By Jessica Leigh Johnson
Raising kids today is hard. They face so many obstacles in life: bullying, exposure to graphic violence, being pressured by peers to engage in risky behaviors, and the list goes on. But raising children with a primary immune deficiency disease (PIDD) is even harder. Not only do PIDD kids face the same threats to their well-being as “normal” children, but they have the added risk of becoming very sick by coming in contact with common, everyday germs that most kids can fight off without complications. And, it seems that winter is an especially dangerous time of year when all kinds of “bugs” come out of hiding and spread like wildfire through schools and within families.
So, it seems that I have forgotten what time of year it is, because in a moment of temporary insanity, I signed my 10-year-old immune-deficient son up for winter camp. His best friend was going and didn’t want to go alone, and it sounded like a good idea at the time. Besides that, my son has always wanted to go “night tubing.” So, I gave into the pressure and agreed to send him with his friend.
Now that that dreaded weekend of camp is fast approaching, I’ve begun to question my decision. Just last night, I learned that the flu has made its yearly appearance in our community. Now I’m asking myself: “What was I thinking? How could I agree to send an immune-deficient child to camp in the winter? Twelve boys in one room, all sharing one bathroom! It’s a recipe for gastrointestinal disaster! I’ll be lucky if he makes it home at all!”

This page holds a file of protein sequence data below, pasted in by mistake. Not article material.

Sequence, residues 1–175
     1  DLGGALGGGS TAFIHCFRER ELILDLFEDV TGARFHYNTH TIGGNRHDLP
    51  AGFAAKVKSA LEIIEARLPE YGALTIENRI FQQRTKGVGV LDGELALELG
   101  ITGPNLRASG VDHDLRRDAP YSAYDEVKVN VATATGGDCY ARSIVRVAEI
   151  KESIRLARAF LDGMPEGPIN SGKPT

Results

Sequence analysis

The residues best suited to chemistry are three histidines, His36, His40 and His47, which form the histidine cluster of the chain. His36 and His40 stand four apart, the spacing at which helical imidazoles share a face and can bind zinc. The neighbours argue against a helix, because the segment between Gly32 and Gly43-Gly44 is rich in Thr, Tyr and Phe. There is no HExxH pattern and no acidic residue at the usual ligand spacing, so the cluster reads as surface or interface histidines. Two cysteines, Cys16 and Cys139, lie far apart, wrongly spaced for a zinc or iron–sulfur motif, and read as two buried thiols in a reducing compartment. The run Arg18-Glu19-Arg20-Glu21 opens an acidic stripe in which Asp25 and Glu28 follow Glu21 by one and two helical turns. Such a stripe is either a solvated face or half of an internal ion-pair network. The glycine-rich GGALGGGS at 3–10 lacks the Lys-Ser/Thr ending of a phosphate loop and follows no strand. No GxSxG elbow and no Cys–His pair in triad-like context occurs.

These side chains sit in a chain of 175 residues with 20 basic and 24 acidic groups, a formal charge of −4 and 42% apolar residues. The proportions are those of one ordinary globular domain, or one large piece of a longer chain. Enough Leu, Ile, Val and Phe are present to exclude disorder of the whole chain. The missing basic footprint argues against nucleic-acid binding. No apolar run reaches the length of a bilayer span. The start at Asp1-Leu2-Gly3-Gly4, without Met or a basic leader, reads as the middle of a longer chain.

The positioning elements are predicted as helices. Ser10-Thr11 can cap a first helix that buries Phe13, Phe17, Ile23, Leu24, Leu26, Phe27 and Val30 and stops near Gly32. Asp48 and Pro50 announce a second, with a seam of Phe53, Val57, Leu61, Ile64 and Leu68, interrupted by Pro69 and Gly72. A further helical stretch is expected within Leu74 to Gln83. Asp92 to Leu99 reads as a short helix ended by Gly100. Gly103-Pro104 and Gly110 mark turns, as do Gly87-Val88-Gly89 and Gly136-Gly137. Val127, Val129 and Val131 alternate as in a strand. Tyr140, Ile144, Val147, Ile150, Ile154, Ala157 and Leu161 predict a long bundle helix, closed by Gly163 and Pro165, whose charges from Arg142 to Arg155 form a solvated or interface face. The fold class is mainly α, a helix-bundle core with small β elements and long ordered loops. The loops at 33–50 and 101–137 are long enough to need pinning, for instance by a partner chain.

But, then I remember the deal my husband and I made seven years ago when our son was hospitalized for more than a month with pneumonia and a life-threatening condition called HLH. For a while, it didn’t look like he was going to pull through. The doctors diagnosed him with a PIDD and explained to us what his future would hold. My husband said: “All I want for him is to have a normal life.” And, basically, aside from weekly subcutaneous infusions and daily chest physiotherapy (and a very worried mother), he has just that: a normal life.
But for some reason, every time my son is faced with an opportunity to do what other kids are doing, I get scared. I want to say no and keep him home where he’s safe. But I can’t do that forever. Eventually, he will have to grow up. He will have to spread his wings. My job as a parent isn’t to keep him safe in the nest forever; my job is to help him learn how to fly. Sure it’s dangerous out there; no one would argue with that. But my husband and I promised him when he was little that if he got the chance to live, we would let him do just that. And he will. Hello winter camp, here we come.